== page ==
Earlier this month, we reported that General Motors has indeed canceled the development of the sixth-generation Chevrolet Camaro Z/28. In that vein, we’ve decided to pay tribute to the fifth-gen model.
With its 505-horsepower, all-aluminum, 7.0-liter LS7 V8 under the hood and a Dynamic Suspensions Spool Valve (DSSV) damper at each corner, which made it one of the first production vehicles to feature the technology, there’s no questioning the purpose of the Camaro Z/28: to be the most track-capable Camaro ever. To put it more objectively, this muscle car was capable of up to 1.08 g in cornering acceleration and 1.5 g in deceleration.
The Camaro Z/28’s LS7 engine is rated at an SAE-certified 505 horsepower (376 kW) and 481 pound-feet of torque (652 Nm), complementing the lightweight vehicle components to give the car its enviable 7.6:1 power-to-weight ratio, while delivering the power and stability to accelerate strongly out of corners and achieve high straightaway speeds.
The robust powertrain and Formula 1-derived suspension are just two of the several characteristics that made the fifth-gen Camaro Z/28 such a potent track weapon. Its aerodynamically-optimized exterior was developed to generate just the right amount of downforce at speed. As a result, the Z/28 produces 410 pounds more downforce than the Camaro SS at 150 mph. In addition to downforce, engineers and designers of the Camaro Z/28 looked for every opportunity to improve cooling of the powertrain and the brake system.
The primary aerodynamic components included:
- Rear spoiler with ‘wickerbill’, which is a small, vertical tab at the edge of the spoiler. Although an aesthetically minor change, it adds approximately 28 counts of drag, improving rear lift performance by 70 counts. This allows the Z/28 to handle turns at higher speeds and delivers greater overall high-speed stability.
- Unique front fascia features an airflow-optimized grille – including an open bowtie logo unofficially called Flowtie – for enhanced cooling and a modified fascia bottom that incorporates provisions for the brake cooling ducts.
- Front splitter that provides downforce at the front of the car, enhancing cornering capability and high-speed stability. It is designed to withstand 250 pounds of downforce at its tip and is matched with an aero closeout panel under the front of the engine compartment that also enhances aero characteristics.
- Functional carbon fiber hood extractor that provides increased engine cooling by allowing hot air an exit route. The design is similar to the extractor featured on the Camaro ZL1.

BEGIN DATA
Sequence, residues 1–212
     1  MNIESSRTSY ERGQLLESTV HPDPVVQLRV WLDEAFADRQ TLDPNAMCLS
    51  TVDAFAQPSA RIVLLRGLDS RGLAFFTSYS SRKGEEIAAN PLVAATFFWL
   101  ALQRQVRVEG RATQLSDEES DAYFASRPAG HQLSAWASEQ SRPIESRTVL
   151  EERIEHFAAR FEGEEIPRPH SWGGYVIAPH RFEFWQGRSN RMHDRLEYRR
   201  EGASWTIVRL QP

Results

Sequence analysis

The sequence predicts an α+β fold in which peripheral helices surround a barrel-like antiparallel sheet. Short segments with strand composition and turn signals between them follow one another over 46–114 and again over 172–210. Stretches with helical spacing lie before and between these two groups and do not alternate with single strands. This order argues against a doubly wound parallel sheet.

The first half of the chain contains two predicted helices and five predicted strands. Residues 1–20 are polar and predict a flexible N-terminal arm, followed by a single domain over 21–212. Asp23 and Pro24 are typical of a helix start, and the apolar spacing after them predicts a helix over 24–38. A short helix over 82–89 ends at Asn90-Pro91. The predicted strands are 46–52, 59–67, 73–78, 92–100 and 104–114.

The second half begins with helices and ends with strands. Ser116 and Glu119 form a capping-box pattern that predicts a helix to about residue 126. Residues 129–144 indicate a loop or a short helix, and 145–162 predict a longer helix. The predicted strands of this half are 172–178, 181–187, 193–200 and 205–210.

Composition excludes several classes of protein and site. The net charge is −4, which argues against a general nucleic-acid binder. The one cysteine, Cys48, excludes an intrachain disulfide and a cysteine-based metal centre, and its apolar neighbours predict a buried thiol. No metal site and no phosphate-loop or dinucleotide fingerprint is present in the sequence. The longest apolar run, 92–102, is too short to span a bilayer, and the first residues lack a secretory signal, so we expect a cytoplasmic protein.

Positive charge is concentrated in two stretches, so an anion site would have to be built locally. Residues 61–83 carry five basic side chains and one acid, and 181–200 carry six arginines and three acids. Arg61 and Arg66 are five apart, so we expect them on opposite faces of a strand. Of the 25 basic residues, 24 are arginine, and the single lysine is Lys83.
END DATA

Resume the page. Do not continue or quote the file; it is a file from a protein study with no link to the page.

- Rocker moldings that provide aggressive styling and improved aerodynamic performance.
- Unique wheel flare moldings cover the Z/28’s wide tires. Meanwhile, deflectors at the bottom-front corners of the front wheel flares contribute to the car’s downforce-producing aerodynamics.
- Front wheelhouse liners with closeouts work with the vehicle underbody for optimal airflow.
- Belly pan that helps reduce front lift. Along with the aero benefit, it also contributes to drivetrain cooling, with modified NACA duct profiles designed to draw air into the underbody tunnel area, where the highly energized air provides extra cooling for underbody components.
Other notable features of the fifth-gen Camaro Z28 include Brembo carbon-ceramic brakes, which provide consistent brake feel, lap after lap, along with a notably reduced curb weight. What’s more, the naturally aspirated Z/28 weighs 300 pounds less than the supercharged Camaro ZL1. A whopping nine pounds were saved by eliminating the folding portion of the rear seat and then using high-density foam in place of the rigid structure of the seat back and steel mesh of the seat bottom.
Other forms of weight savings included:
- Removal of some interior sound deadener, as well as trunk carpet
- Use of a smaller, lighter battery
- Thinner rear-window glass – 3.2 mm vs. the standard 3.5 mm
- Elimination of high-intensity discharge, or HID, headlamps and fog lights
- No air conditioning except as part of the car’s only option package
- Elimination of tire-inflator kit in all states except for Rhode Island and Maryland, where it is required by law
In fact, 100 percent of the un-sprung mass (suspension, wheels, tires and brake system) has been changed from the Camaro SS, dramatically enhancing the balance and overall driving feel of the Z/28.
All that made this car, if we may call it that, an absolute beast on the track, especially at the hands of a skilled pilot. But what all the specs can’t communicate is how the Z/28 feels to drive. In a sentence, everything in the car feels perfect during bouts of the most challenging track situations. And as we remember the fifth-gen Camaro Z/28 for what it was, we should also recognize what it is, because it is almost certainly the last naturally-aspirated, analog, track-dedicated vehicles that GM will build.